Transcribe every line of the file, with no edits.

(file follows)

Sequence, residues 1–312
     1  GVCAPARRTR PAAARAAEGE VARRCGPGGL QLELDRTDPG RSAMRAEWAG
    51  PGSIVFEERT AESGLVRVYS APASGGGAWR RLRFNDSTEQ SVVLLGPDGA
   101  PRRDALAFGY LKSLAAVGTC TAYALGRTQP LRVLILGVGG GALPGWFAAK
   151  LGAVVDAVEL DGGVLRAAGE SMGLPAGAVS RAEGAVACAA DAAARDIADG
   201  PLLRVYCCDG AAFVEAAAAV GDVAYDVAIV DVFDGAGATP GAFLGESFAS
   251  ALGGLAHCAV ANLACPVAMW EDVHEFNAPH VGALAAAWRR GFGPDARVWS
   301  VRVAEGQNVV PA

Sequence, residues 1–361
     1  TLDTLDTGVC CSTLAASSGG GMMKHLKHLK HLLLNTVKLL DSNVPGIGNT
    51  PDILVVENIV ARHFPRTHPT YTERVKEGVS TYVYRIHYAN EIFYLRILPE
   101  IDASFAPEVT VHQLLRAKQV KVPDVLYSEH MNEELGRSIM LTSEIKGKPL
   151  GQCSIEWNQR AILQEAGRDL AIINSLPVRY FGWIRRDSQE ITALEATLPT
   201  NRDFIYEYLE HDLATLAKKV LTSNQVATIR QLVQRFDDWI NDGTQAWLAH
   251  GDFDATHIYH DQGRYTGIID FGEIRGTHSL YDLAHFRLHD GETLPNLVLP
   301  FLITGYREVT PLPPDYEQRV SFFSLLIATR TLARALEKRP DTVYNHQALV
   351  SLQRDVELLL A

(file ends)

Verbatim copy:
Sequence, residues 1–312
     1  GVCAPARRTR PAAARAAEGE VARRCGPGGL QLELDRTDPG RSAMRAEWAG
    51  PGSIVFEERT AESGLVRVYS APASGGGAWR RLRFNDSTEQ SVVLLGPDGA
   101  PRRDALAFGY LKSLAAVGTC TAYALGRTQP LRVLILGVGG GALPGWFAAK
   151  LGAVVDAVEL DGGVLRAAGE SMGLPAGAVS RAEGAVACAA DAAARDIADG
   201  PLLRVYCCDG AAFVEAAAAV GDVAYDVAIV DVFDGAGATP GAFLGESFAS
   251  ALGGLAHCAV ANLACPVAMW EDVHEFNAPH VGALAAAWRR GFGPDARVWS
   301  VRVAEGQNVV PA

Sequence, residues 1–361
     1  TLDTLDTGVC CSTLAASSGG GMMKHLKHLK HLLLNTVKLL DSNVPGIGNT
    51  PDILVVENIV ARHFPRTHPT YTERVKEGVS TYVYRIHYAN EIFYLRILPE
   101  IDASFAPEVT VHQLLRAKQV KVPDVLYSEH MNEELGRSIM LTSEIKGKPL
   151  GQCSIEWNQR AILQEAGRDL AIINSLPVRY FGWIRRDSQE ITALEATLPT
   201  NRDFIYEYLE HDLATLAKKV LTSNQVATIR QLVQRFDDWI NDGTQAWLAH
   251  GDFDATHIYH DQGRYTGIID FGEIRGTHSL YDLAHFRLHD GETLPNLVLP
   301  FLITGYREVT PLPPDYEQRV SFFSLLIATR TLARALEKRP DTVYNHQALV
   351  SLQRDVELLL A